The orginal recipe called for 1/2 tsp cayenne which gives the soup quite a back bite, but otherwise the soup is lacking in flavor. Any suggestions? Would it work to add a topping of roasted carrots?
Are you channeling your best self with this comment? (If you're not sure, check out our Code of Conduct.)
What were the other ingredients in the soup? I personally would not be inclined to add carrots, but there's no reason you couldn't!
Thanks! The recipe called for cashew, onion and apple. Spices were cinnamom, cardamon and cayenne.
Hmmm. I was going to suggest sautéing some onion and adding that. For starters, you could do that. You also could roast some more cauliflower and then pulse it in the food processor a few times without totally pureeing it -- that'll bump up the cauliflower flavor, temper the spice and give you some nice texture. I also think you should add some salt and black pepper (I'm not a huge pepper fan, but I so like it with cauliflower). Finally, I think curry should work but za'atar would work well, too, and is a nice alternative if you aren't a curry person.
hardlikearmour is a trusted home cook.
Cauliflower + curry = yum. Toast some sweet curry powder or garam masala in a dry skillet and whisk it into the soup. Consider extra salt and some acid to help punch up the flavor a bit, too.
This is great! Thanks - we would love this at our house, but I am making it for a friend who does not like spicy, so I have to come up with a way to tone down cayenne and add a yummy flavor.
What do you think would be a good acid?
Totally! And, to piggy back, garam masala is not a spicy curry - more earthy/seedy flavors...so even your friend might like it. My two cents would be a dollop of sour cream when serving would both add a tang and tone down the cayenne.
amysarah is a trusted home cook.
When something tastes flat, I also find that what it usually needs is a splash of some sort of acid - lemon or lime juice or some sort of vinegar. I'd do lemon here, or maybe cider vinegar to build on the apple already in the soup. Also, never underestimate the power of salt to bring flavor to life.
Thank you! Yes, I was moving toward acid as suggested- Lemon juice goes well with cauliflower, cider vinegar with apple, hmmmm...
June is a trusted source on General Cooking.
There are a lot of things you can do to lift the flavor of the soup. first of all, did you add any salt? Salt added early in th cooking process lifts all the other flavors and allows them to pop. You don't have to use much, but you do need a good quality salt. I usually prefer coarse sea salt. I love curries, but I also like the taste of cauliflower, and when you introduce a dominating flavor like curry, you rather lose the flavor of the primary ingredient. Just another aspect to consider. In the matter of texture, how about not pureeing all the cauliflower? If you chop some of it up, you will add texture. I like to crumble crisp bacon on top for flavor and texture. or some pancetta -- whatever is handy. Chopped toasted walnuts have a complimentary flavor to cauliflower as well.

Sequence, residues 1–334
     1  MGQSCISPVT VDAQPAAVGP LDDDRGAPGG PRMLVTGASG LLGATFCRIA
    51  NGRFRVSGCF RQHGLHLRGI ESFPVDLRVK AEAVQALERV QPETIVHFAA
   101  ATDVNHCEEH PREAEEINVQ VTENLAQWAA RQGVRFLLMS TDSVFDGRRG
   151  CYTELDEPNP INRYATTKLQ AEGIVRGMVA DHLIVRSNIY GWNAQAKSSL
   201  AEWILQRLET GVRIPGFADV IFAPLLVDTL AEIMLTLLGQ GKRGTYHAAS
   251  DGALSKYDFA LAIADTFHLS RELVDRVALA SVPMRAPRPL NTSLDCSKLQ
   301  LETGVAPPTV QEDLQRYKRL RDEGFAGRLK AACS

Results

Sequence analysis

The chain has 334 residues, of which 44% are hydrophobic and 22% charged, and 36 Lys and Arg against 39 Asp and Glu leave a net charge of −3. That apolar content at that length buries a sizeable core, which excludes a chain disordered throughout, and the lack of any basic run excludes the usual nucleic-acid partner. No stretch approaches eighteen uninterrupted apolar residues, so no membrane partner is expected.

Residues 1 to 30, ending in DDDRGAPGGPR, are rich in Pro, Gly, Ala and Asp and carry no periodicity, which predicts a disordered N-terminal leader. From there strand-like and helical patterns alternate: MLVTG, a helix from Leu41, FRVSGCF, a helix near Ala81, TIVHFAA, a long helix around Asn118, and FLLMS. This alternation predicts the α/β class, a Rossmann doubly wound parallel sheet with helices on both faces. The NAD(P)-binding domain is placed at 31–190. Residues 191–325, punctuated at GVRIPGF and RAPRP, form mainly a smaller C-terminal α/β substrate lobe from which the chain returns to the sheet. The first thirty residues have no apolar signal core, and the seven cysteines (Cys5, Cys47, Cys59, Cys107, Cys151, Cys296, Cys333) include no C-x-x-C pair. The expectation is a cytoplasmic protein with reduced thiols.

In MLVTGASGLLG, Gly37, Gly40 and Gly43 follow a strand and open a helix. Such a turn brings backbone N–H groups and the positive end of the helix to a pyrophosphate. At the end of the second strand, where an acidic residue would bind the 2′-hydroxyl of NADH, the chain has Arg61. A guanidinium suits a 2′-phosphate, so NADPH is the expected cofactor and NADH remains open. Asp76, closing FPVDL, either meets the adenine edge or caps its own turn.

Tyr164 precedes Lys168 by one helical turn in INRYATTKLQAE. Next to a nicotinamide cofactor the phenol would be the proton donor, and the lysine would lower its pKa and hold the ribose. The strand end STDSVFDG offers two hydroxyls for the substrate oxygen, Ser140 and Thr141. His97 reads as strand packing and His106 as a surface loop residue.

Really like the idea of adding walnuts for crunch. Thank you! I did add Salt and Pepper. I also love the idea of crunchy bacon but this batch is for a vegan friend so the nuts sound great. Too late not to puree the cauliflower. Do you think Pine nuts would work with lime?
What about adding a chimichurri sauce - parsley and oregano, garlic, olive oil and white wine vinegar...thinking that would be good and you could still add in some of the other ideas mentioned (nuts, roasted carrots, even roasted cauliflower)
Kristen W. is a trusted home cook.
Your soup could also be flat tasting if you used a a weak-tasting stock. In that case you can add a little bit of Better Than Bouillion as a little cheat to boost the flavor (though not the cauliflower flavor). It also happens to be pretty salty, which can boost the flavor as well.
Nancy is a trusted home cook.
You''ve already had recommend actions for some warm but not too peppery spice blends, garam Masala and zaatar. Another few to consider: Yemenite hawaidj (various spelling), north African ras al hanout, middle eastern berbere (Jordan, etc different versions). Also various amercan steak rubs or blends for grilling give surprising depths to vegetable soups. A starchy veetable like potato, sweet potato and/or parsnip will give thickness, sweetness and different flavor. Also, did you have (enough) butter in the soup? Like salt, it's a great flavor booster.
Dishing with Esther Choi of Mokbar.
Korean Summer Noodles
A Magical Sponge
What's Topping Lists
Sheet Pan S'mores
Grow an Entire Pizza